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If Japan's economy is going down the Swannee, I wonder what hope there is for the rest of us.

Compared to us, the Japanese are entrepreneurial whizz-kids.

They care about their work almost as much - and sometimes more - than they do their families. Next to the Japanese we are a complete joke.

They work in smart, air-conditioned factories. Staff take exercise every lunchtime - sometimes compulsorily.

Here, the only time an employee leaves the sweat and toil of the office is to light up in some revolting fire hazard masquerading as a smokers' room, or to stagger off to the nearest pub, returning only to snooze through the remains of the day.

We are the buffoons of the business world. A nation of clock-watchers, we lack energy and despise motivation.

At one time we used the family as our national excuse. Its breakdown has deprived us of our usual cop-out.

Japan's downside is that families rarely see each other. Men work until 8pm. Then they drink with colleagues until 11pm.

Some men find the pressures unbearable and pay a high price for so much inequality - in some cases, suicide is the result.

In this country, we pay a ridiculous price for laughable office practices.

We have an absurd hierarchical system - an atmosphere in which bullies and back- stabbers thrive.

Energy on the shop floor is usually taken up with watching one's back. The Japanese, on the other hand, avoid hierarchy and promote teamwork. In consequence, their productivity is both qualitative and abundant.

Interestingly, the current recession in the Far East is not the fault of your average Japanese.

Banks out there have been forcing money down people's throats - using their customers' homes as security.

The property market has crashed, leaving a large amount of unpaid dosh.

JAPAN is, indeed, ailing. Workers at the Mitsubishi plant in Haddington are already reeling from the shock news of the plant's closure.

Yet, we could learn a few lessons from these people - instead of accusing them of stealing Western ideas.

They may well have copied from us originally, but they have refined their merchandise to such an extent that - effectively - it has become their own.

I once spent a year in a Japanese hospital after breaking my neck in a diving accident. The medics shaved my head and screwed in 15 kilos of head traction.

From that moment on, I was unable to move or see anything other than a high, white ceiling. If I strained my eyes, I could just make out a tree outside my window and judge by its leaves the changing seasons.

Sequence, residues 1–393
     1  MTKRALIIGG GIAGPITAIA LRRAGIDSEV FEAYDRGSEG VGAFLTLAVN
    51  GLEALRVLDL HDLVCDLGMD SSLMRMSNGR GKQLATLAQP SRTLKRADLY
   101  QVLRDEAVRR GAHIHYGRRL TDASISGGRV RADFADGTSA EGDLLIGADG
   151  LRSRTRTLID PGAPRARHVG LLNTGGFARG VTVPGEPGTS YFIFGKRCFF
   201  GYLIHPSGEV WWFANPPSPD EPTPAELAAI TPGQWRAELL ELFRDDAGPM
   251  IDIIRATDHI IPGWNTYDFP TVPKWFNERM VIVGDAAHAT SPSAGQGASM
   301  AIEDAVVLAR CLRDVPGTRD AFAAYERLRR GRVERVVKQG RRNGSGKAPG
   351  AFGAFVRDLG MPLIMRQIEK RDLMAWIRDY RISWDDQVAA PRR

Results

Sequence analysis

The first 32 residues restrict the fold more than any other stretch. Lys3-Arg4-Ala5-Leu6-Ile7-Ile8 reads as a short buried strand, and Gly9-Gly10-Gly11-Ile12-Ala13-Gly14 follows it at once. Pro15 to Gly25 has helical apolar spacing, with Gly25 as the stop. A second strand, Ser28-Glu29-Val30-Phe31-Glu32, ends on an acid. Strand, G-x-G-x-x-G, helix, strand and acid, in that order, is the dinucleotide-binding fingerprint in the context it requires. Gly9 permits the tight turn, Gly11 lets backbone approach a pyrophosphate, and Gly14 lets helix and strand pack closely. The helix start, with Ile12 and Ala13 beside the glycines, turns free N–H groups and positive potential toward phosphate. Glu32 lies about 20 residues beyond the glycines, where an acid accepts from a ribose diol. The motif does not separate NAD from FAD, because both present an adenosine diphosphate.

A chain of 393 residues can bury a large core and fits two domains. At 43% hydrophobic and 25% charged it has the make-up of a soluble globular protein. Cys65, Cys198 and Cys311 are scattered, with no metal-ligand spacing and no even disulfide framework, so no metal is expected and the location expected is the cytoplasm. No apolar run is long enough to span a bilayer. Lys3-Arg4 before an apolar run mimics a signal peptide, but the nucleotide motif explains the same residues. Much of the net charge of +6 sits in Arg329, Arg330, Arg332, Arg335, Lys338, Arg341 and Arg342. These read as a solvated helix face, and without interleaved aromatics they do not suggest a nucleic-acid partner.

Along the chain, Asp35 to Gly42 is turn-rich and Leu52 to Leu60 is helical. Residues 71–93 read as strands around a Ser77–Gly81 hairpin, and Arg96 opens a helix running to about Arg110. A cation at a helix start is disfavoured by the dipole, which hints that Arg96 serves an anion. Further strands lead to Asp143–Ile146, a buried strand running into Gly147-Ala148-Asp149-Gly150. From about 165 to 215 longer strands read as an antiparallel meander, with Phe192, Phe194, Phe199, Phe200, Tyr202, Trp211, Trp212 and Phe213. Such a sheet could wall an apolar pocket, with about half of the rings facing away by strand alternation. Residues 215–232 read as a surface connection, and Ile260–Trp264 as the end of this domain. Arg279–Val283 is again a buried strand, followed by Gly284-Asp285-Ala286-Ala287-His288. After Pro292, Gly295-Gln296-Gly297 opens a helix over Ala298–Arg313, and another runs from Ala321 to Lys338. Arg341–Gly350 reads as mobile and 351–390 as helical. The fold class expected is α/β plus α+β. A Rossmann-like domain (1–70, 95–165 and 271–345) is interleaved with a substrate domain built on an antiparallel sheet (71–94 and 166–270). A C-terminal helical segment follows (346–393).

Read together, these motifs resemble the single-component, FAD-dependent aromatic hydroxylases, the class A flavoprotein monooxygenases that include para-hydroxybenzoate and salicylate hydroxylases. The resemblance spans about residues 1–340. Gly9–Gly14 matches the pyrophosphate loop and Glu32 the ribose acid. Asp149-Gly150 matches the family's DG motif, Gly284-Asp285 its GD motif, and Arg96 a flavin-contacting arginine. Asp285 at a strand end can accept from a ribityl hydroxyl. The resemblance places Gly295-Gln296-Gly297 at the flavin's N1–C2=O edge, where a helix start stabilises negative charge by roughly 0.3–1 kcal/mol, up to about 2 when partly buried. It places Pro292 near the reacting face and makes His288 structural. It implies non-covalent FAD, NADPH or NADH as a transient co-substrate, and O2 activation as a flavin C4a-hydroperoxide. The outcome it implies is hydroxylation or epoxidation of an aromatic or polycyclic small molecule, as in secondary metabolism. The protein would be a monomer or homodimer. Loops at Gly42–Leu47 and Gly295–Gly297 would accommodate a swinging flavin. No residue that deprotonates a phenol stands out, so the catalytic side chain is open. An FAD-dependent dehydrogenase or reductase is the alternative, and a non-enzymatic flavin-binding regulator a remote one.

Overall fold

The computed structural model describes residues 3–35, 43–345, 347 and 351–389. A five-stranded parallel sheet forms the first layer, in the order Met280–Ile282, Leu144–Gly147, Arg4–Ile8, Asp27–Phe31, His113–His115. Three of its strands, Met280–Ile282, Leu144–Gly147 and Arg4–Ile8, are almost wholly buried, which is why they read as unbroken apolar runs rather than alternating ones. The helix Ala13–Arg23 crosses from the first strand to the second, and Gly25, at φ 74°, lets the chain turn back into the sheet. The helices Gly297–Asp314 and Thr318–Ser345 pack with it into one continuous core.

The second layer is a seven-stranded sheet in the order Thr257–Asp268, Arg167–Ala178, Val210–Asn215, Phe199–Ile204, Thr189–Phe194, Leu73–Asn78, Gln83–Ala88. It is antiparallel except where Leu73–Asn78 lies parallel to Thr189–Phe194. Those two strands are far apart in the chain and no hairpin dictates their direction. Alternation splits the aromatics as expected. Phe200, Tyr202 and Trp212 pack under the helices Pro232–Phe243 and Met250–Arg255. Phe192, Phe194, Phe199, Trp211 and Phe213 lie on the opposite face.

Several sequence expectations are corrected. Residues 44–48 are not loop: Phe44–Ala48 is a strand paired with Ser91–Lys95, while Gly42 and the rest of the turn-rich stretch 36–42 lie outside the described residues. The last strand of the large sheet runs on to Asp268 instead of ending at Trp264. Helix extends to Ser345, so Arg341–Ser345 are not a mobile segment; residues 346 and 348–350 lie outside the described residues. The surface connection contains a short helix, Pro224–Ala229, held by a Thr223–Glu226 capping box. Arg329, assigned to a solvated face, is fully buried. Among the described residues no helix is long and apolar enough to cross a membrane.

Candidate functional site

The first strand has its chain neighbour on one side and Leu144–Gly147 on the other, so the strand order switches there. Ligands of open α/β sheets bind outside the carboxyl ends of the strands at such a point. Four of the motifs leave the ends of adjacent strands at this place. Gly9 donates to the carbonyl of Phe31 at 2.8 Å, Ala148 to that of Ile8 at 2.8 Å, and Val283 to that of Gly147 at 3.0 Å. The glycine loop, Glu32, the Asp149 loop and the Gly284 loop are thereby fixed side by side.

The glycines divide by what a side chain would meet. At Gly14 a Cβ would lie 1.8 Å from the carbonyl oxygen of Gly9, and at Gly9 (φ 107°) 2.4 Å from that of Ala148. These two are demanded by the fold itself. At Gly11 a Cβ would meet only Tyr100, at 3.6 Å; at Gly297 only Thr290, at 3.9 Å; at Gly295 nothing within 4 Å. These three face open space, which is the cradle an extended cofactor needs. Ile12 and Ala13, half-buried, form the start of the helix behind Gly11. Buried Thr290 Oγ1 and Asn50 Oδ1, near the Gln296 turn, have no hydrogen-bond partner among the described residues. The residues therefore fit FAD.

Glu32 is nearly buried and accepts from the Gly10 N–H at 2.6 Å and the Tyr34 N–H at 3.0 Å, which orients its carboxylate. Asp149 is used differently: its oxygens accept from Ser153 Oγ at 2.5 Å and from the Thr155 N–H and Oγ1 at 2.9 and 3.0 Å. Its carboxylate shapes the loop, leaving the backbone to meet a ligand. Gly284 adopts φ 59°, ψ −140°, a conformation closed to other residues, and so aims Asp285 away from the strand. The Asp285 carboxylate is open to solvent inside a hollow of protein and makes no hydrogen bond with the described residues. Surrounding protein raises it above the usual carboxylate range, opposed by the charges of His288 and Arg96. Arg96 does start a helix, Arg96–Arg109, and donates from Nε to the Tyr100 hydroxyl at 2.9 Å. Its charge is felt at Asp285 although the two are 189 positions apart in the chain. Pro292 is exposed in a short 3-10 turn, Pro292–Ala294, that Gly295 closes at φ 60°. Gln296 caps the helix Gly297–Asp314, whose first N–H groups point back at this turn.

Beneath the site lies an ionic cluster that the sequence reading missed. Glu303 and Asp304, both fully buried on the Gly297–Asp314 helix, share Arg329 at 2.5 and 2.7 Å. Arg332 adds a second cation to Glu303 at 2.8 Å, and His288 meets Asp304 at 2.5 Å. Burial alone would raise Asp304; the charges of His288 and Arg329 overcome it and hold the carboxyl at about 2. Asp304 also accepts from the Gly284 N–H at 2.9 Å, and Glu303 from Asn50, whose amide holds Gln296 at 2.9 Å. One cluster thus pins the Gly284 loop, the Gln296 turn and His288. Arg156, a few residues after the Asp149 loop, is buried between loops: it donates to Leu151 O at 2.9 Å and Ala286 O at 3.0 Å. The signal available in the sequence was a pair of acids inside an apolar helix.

Throughout those long months my only companion was a small, black insect which made its way painstakingly across the white ceiling and back, day after day, month after month.

I remember that economics came before everything else. If they did an X-ray - I paid for it straight away.

If I dropped a thermometer - the nurse would rush out of the room, only to return five minutes later with a bill.

That is the way they are.

BUT there was another side to these little people - a side we seldom hear about. I was allotted a special nurse called Kaoru. She was a human dynamo.

When a doctor told me I was going to be paralysed for life, I cried like a three year old and Kaoru cried as well. Unable to communicate, we howled in unison. "Scotrand good,"she would say again and again. "Nessie ... haggis ... whisky ... good."

Deciding to make geographical headway, I would tell her - in my appalling Japanese - that presented with a choice of where to break my neck in the world, Japan or Scotland would be at the top of my list.

We were pals. The first day she flew into my room with a tea tray and said: "Sorry, no lemon."

"That's okay," I reassured her. "I'll have milk instead."

"Okay," Kaoru grinned and immediately dumped my beloved tea down the sink and poured me a glass of milk. The next day I tried again.

"I'll have the tea, too, please."

"Two?" she gasped. "Nicora san rike two?"

For the first week I got two cups of tea, one glass of milk and a reputation for being greedy.

I watched those people closely. They may have been cruel during the war, but no nation emerges from war smelling totally of roses.

What I remember best was the day Kaoru was leaning over my bed tucking in a blanket. I yelled out.

I had felt the weight of her. The feeling had returned down my left side.

I remember her rushing through to tell the other patients - all of them partially, or totally, paralysed.

In particular, I remember their wholehearted delight and their compassion.

If there was ever any hint of resentment, it never filtered through to me.

Perhaps instead of gloating at the misfortune of the Japanese - a gloating based on old enemies - we and our EU partners should, in fact, do something to help.

Before what is happening to them eventually happens to us.
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Title Annotation:Features
Author:Barry, Nicola
Publication:Daily Record (Glasgow, Scotland)
Date:Apr 9, 1998
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